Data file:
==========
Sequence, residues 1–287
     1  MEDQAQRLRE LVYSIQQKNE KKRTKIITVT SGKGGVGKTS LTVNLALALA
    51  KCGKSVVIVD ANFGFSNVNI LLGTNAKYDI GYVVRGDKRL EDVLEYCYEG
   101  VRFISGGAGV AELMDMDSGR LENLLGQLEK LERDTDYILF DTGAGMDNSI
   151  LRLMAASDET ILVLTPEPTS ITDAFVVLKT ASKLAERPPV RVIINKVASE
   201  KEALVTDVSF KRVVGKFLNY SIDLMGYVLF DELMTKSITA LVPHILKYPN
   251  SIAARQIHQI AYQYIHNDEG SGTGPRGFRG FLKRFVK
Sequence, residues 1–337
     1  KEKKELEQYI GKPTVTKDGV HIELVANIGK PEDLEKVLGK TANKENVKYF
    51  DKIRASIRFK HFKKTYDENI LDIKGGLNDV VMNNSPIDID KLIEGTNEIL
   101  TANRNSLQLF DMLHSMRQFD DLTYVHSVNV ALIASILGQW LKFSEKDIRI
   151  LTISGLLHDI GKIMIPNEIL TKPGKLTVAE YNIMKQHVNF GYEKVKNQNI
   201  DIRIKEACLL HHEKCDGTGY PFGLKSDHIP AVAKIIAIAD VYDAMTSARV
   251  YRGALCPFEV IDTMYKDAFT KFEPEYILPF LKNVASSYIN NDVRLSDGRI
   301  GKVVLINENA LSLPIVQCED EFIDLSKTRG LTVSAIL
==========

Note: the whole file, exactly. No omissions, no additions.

Sequence, residues 1–287
     1  MEDQAQRLRE LVYSIQQKNE KKRTKIITVT SGKGGVGKTS LTVNLALALA
    51  KCGKSVVIVD ANFGFSNVNI LLGTNAKYDI GYVVRGDKRL EDVLEYCYEG
   101  VRFISGGAGV AELMDMDSGR LENLLGQLEK LERDTDYILF DTGAGMDNSI
   151  LRLMAASDET ILVLTPEPTS ITDAFVVLKT ASKLAERPPV RVIINKVASE
   201  KEALVTDVSF KRVVGKFLNY SIDLMGYVLF DELMTKSITA LVPHILKYPN
   251  SIAARQIHQI AYQYIHNDEG SGTGPRGFRG FLKRFVK
Sequence, residues 1–337
     1  KEKKELEQYI GKPTVTKDGV HIELVANIGK PEDLEKVLGK TANKENVKYF
    51  DKIRASIRFK HFKKTYDENI LDIKGGLNDV VMNNSPIDID KLIEGTNEIL
   101  TANRNSLQLF DMLHSMRQFD DLTYVHSVNV ALIASILGQW LKFSEKDIRI
   151  LTISGLLHDI GKIMIPNEIL TKPGKLTVAE YNIMKQHVNF GYEKVKNQNI
   201  DIRIKEACLL HHEKCDGTGY PFGLKSDHIP AVAKIIAIAD VYDAMTSARV
   251  YRGALCPFEV IDTMYKDAFT KFEPEYILPF LKNVASSYIN NDVRLSDGRI
   301  GKVVLINENA LSLPIVQCED EFIDLSKTRG LTVSAIL